I must write on. Nothing else can divert me: and I think thou canst not have been a dog to me.

I would fain have closed my eyes: but sleep flies me. Well says Horace, as translated by Cowley:

The halcyon sleep will never build his nest
In any stormy breast.
’Tis not enough that he does find
Clouds and darkness in the mind:
Darkness but half his work will do.
’Tis not enough: he must find quiet too.

Now indeed do I from my heart wish that I had never known this lady. But who would have thought there had been such a woman in the world? Of all the sex I have hitherto known, or heard, or read of, it was once subdued, and always subdued. The first struggle was generally the last; or, at least, the subsequent struggles were so much fainter and fainter, that a man would rather have them than be without them. But how know I yet——

It is now near six—the sun for two hours past has been illuminating every thing about me: for that impartial orb shines upon Mother Sinclair’s house as well as upon any other: but nothing within me can it illuminate.

At day-dawn I looked through the key-hole of my beloved’s door. She had declared she would not put off her clothes any more in this house. There I beheld her in a sweet slumber, which I hope will prove refreshing to her disturbed senses; sitting in her elbow-chair, her apron over her head; her head supported by one sweet hand, the other hand hanging down upon her side, in a sleepy lifelessness; half of one pretty foot only visible.

See the difference in our cases! thought I: she, the charming injured, can sweetly sleep, while the varlet injurer cannot close his eyes; and has been trying, to no purpose, the whole night to divert his melancholy, and to fly from himself!

As every vice generally brings on its own punishment, even in this life; if any thing were to tempt me to doubt of future punishment, it would be, that there can hardly be a greater than that in which I at this instant experience in my own remorse.

I hope it will go off. If not, well will the dear creature be avenged; for I shall be the most miserable of men.


Just now Dorcas tells me, that her lady is preparing openly, and without disguise, to be gone. Very probable. The humour she flew away from me in last night has given me expectation of such an enterprize.

Now, Jack, to be thus hated and despised!—And if I have sinned beyond forgiveness——

But she has sent me a message by Dorcas, that she will meet me in the dining-room; and desires [odd enough] that the wretch may be present at the conversation that shall pass between us. This message gives me hope.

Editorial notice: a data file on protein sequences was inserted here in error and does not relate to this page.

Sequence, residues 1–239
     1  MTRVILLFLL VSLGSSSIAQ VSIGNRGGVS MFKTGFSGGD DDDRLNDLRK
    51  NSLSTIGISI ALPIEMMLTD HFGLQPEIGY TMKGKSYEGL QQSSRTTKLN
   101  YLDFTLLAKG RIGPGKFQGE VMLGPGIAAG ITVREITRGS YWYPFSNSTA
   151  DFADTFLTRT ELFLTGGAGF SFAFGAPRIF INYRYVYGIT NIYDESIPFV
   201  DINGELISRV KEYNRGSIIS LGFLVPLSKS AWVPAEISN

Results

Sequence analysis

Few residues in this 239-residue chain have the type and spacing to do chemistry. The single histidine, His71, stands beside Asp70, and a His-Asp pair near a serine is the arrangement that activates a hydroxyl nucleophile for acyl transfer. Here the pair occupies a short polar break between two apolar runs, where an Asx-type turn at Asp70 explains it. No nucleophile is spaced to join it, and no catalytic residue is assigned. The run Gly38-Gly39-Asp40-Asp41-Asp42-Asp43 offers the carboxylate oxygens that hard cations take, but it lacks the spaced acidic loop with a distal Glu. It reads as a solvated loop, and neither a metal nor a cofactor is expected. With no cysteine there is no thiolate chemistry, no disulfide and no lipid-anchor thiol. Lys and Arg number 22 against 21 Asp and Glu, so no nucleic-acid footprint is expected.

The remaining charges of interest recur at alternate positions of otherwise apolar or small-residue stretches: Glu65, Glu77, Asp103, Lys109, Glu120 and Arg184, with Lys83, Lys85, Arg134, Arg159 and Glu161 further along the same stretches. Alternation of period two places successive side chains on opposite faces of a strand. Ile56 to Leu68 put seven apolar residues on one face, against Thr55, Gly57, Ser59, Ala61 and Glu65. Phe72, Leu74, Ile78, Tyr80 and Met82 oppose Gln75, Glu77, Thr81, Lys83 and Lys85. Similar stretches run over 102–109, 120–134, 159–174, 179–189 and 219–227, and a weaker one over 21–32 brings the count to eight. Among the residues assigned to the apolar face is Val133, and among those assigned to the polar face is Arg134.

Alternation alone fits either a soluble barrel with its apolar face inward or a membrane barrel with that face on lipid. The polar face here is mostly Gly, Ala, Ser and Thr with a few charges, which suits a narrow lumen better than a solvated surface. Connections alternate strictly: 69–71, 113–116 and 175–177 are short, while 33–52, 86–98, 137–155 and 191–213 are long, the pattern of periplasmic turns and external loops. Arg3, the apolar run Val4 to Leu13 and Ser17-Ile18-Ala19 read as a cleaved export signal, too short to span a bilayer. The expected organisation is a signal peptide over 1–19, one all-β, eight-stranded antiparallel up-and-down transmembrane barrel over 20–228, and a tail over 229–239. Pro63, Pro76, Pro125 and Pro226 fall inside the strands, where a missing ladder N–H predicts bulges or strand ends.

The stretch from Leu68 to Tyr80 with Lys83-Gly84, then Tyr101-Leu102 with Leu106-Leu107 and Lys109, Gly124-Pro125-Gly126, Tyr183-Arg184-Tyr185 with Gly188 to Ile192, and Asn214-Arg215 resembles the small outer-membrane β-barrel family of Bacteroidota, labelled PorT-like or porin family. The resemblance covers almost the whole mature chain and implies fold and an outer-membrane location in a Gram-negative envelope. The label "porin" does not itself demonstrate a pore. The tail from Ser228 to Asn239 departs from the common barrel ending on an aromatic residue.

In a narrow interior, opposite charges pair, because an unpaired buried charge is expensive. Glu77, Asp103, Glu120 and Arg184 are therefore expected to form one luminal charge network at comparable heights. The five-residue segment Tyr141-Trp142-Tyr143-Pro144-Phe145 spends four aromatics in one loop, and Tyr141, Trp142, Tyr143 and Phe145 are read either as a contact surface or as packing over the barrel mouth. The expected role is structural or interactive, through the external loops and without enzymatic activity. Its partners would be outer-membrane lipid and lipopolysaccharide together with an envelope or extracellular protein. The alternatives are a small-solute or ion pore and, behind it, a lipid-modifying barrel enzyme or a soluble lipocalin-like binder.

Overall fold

Confounded art, cunning villany!—By my soul, she had like to have slipped through my fingers! She meant nothing by her message but to get Dorcas out of the way, and a clear coast. Is a fancied distress, sufficient to justify this lady for dispensing with her principles? Does she not show me that she can wilfully deceive, as well as I?

Had she been in the fore-house, and no passage to go through to get at the street-door, she had certainly been gone. But her haste betrayed her: for Sally Martin happening to be in the fore-parlour, and hearing a swifter motion than usual, and a rustling of silks, as if from somebody in a hurry, looked out; and seeing who it was, stept between her and the door, and set her back against it.

You must not go, Madam. Indeed you must not.

By what right?—And how dare you?—And such-like imperious airs the dear creature gave herself.—While Sally called out for her aunt; and half a dozen voiced joined instantly in the cry, for me to hasten down, to hasten down in a moment.

I was gravely instructing Dorcas above stairs, and wondering what would be the subject of the conversation to which the wench was to be a witness, when these outcries reached my ears. And down I flew.—And there was the charming creature, the sweet deceiver, panting for breath, her back against the partition, a parcel in her hand, [women make no excursions without their parcels,] Sally, Polly, (but Polly obligingly pleaded for her,) the mother, Mabell, and Peter, (the footman of the house,) about her; all, however, keeping their distance; the mother and Sally between her and the door—in her soft rage the dear soul repeating, I will go—nobody has a right—I will go—if you kill me, women, I won’t go up again!